Palaeobiological studies demonstrate that marine invertebrate groups tend to originate in nearshore environments, followed by range expansions into deeper facies dominated by geologically older faunal elements (codified by Jablonski et al. 1983). This onshore-offshore dynamic is thought to be responsible for structuring a major pattern in marine invertebrate communities throughout the Phanerozoic: shallow environments appear to be the locus of major evolutionary innovation, whereas deeper marine ecosystems appear to be refugia. The wider applicability of this pattern, beyond the benthic invertebrate groups upon which the model was erected, is currently being tackled through study of the vertebrate record, where organismal bodyplan also appears to have a substantial influence on palaeogeographic dispersal. One group that has not yet been studied is the conodonts. Conodonts are an enigmatic but wide-ranging and stratigraphically long-lived (Late Cambrian – end Triassic) group. They have an excellent fossil record. Some conodonts exhibit nekto-benthic habits whilst others are considered pelagic, but these interpretations are as yet poorly constrained and analyses of temporal patterns have lacked a phylogenetic framework within which to test macroevolutionary trends. In addition to their prominent use as biostratigraphic tools, at certain intervals conodonts are used to define palaeogeographic provinces (e.g. the Laurentian warm and cold water faunas of the Late Ordovician; multiple realms in the Triassic of Tethys). However, on a macroscale, the clade as a whole quickly becomes cosmopolitan after its first appearance.
By adopting a database approach, this project will seek to use the excellent fossil record of conodonts to test and codify macroevolutionary patterns within palaeoecological and phylogenetic contexts, and will constrain palaeoecological models for taxonomic groupings within conodonts.
This project will focus on the compilation of a database documenting the palaeoenvironmental occurrences of ‘complex’ conodonts (building upon existing data in the Paleobiology Database, www.paleobiodb.org, but augmented by substantial data-mining from primary literature), with each occurrence assigned to stratigraphic, palaeogeographic and benthic assemblage zone/intertidal-subtidal-shelf-basin bins (the latter giving an estimate of relative water depth).
Once compiled, the database will be interogated with a focus on testing for phylogenetic, stratigraphic and depositional environment congruence using a variety of cutting-edge statistical methods that have already been successfully used to reconstruct ancestral states within middle Palaeozoic fish as part of a parallel study (Sansom unpublished data). The project will also examine the geographic range of clades over their evolutionary histories, using three different estimates of range size: (i) the number of terranes inhabited; (ii) mean interlocality distance, as assessed using palaeontological GIS; and (iii) area defined by convex hull enclosing all localities and occupancy within these cells. The significance of results will be assessed by comparing empirical ranges for individual family-level clades in each temporal interval against nulls, and also cross-referenced against depositional environmental congruence conclusions. Additionally, a number of phylogenetic hypotheses will be tested and refined, particularly dissecting some of the stratigraphically longer ranging taxa down to species level.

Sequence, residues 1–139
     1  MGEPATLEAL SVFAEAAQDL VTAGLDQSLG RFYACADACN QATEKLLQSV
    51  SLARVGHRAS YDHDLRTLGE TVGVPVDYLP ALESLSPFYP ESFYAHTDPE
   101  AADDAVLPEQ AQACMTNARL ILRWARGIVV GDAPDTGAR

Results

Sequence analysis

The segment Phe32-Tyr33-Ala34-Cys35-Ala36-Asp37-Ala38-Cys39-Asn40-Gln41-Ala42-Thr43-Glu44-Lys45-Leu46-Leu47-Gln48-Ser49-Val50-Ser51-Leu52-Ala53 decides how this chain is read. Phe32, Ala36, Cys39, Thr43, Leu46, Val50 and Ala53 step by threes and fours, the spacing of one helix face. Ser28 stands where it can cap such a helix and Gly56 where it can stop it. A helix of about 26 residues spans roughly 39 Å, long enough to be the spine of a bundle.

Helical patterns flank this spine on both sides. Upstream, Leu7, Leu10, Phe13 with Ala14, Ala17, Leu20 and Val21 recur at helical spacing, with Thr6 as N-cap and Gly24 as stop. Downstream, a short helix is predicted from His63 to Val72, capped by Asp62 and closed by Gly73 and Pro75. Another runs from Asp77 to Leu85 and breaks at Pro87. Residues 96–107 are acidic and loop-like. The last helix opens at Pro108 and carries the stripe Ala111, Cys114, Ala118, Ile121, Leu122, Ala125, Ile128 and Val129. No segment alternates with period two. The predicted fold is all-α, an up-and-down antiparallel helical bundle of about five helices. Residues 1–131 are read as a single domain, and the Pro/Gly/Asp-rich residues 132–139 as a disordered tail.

Training and Skills
CENTA students are required to complete 45 days training throughout their PhD including a 10 day placement. In the first year, students will be trained as a single cohort on environmental science, research methods and core skills. Project-specific training will include: conodont anatomy, phylogeny and diversity (Sansom, Purnell); palaeontological databasing, including the Paleobiology Database (Butler); quantitative macroevolutionary and biogeographical analysis (Butler, Sallan).
Year 1: Data gathering, including determining the taxonomic range of conodonts to be studied and to identify suitable primary sources for the project. Training in the utility of the PaleoDB (data entry, exploration and data extraction).
Year 2: Commence data analyses, establish robust qualitative and quantitative methods where appropriate. Refining published phylogenies. Integration of palaeoenvironmental/palaeogeographic distribution database and palaeogeographic maps (using GIS). Presentation of initial results at Palaeontological Association Annual Meeting
Year 3: Data analysis including biogeography methods, correcting for sampling bias and testing. Presentation of project results at Geological Society of America. Writing the thesis will take place during the final year, but papers will be published throughout the project.
Partners and collaboration (including CASE)
Dr Sansom is an expert in the study of early vertebrates, with particular emphasis on phylogenetic and environmental diversity during the Palaeozoic. Prof Purnell is one of the leading authorities on conodont palaeobiology and phylogeny with particular emphasis on ‘complex’ conodonts. Dr Butler has extensive experience with palaeontological databases, particularly the Paleobiology Database, as well as quantitative analysis of fossil data.
Dr Ivan Sansom (I.J.Sansom@bham.ac.uk)